10 reasons to [not] attend church

I found this post by Kurt Onken today at the Wittenberg Trail, and thought it was worth referencing.

The socially-palatable, seeker over-sensitive church has no future.  This may appear to some to show that Christianity is losing ground.  However, I disagree. I think Christianity has already lost ground in many churches.  This is why people like the Internet Monk talk about the coming collapse of the evangelical church.

It’s time to take it back.

America’s Christian heritage

While I’m not a big supporter of the “America’s a Christian nation” thing, I do believe that the United States was indeed heavily influenced by Christian principles, and that historically, the so-called “separation of church and state” was never meant to exclude religion – even Christianity – from public life.  James Robertson has re-posted from J.Grant Swank From MichNews.com an interesting collection of quotes from many of our founding fathers that deserve to be read.  (You can go to the site to read Swank’s editorial comments, which I will not post here):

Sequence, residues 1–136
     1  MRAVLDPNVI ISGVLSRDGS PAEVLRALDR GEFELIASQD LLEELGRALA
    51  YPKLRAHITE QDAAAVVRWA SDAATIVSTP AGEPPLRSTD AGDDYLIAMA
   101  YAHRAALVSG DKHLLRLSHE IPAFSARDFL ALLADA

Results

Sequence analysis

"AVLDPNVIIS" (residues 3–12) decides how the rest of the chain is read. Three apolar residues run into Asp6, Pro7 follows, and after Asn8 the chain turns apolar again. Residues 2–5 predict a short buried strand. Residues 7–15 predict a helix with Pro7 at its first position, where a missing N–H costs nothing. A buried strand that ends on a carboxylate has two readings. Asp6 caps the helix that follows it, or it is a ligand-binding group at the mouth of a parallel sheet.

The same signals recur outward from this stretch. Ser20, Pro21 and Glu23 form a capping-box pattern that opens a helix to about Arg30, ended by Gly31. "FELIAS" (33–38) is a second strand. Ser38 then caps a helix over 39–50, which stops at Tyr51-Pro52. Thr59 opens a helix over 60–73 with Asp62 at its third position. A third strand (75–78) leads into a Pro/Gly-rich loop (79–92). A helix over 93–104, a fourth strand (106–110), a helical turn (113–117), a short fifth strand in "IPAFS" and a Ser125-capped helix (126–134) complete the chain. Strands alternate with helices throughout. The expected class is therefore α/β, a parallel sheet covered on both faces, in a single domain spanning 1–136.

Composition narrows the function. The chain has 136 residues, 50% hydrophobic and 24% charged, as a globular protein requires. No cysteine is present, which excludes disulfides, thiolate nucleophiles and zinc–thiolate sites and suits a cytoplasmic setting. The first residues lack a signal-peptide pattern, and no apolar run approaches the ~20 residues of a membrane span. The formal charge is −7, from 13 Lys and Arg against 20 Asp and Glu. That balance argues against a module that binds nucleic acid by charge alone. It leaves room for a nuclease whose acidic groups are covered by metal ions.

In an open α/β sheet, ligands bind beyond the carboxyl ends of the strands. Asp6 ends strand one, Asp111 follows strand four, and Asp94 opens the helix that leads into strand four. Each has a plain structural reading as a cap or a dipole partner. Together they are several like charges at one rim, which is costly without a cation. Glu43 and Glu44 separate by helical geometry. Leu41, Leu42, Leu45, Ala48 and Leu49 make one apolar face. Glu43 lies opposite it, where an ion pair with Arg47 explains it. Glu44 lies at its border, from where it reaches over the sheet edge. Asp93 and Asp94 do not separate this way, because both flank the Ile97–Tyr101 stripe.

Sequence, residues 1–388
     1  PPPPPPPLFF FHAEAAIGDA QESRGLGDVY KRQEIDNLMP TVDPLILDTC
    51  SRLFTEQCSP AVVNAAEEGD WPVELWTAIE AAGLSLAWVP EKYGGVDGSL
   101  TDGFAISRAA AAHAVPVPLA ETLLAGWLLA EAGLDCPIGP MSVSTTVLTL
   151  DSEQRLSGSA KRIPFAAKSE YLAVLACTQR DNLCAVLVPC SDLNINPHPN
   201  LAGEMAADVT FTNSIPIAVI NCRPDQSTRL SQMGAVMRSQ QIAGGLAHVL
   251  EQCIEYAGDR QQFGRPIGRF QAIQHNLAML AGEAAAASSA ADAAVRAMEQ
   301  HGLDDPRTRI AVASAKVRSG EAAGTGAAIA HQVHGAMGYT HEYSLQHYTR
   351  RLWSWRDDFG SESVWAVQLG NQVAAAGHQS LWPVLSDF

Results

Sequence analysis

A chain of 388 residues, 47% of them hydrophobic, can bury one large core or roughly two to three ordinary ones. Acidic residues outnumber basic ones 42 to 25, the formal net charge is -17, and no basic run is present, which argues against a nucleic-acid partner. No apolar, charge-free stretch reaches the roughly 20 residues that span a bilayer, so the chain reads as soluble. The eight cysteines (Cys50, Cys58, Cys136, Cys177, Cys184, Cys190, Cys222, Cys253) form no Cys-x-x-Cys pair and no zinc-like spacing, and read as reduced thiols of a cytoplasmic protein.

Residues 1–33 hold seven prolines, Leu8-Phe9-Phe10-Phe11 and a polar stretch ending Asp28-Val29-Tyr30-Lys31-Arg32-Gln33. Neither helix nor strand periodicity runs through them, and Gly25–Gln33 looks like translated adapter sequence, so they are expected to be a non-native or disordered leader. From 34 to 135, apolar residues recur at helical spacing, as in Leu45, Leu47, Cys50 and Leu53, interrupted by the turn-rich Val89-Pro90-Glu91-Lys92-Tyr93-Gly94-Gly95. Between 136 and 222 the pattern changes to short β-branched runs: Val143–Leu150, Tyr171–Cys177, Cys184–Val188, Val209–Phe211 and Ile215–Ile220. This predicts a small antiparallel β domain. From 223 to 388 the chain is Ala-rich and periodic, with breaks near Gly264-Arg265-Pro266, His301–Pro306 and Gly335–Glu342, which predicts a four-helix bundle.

President George Washington wrote a prayer addressed to “O most glorious God, in Jesus Christ” and ended it with this: “Let me live according to those holy rules which thou hast this day prescribed in Thy Holy Word. Direct me to the true object, Jesus Christ, the Way, the Truth and the Life. Bless O Lord all the people of this land.”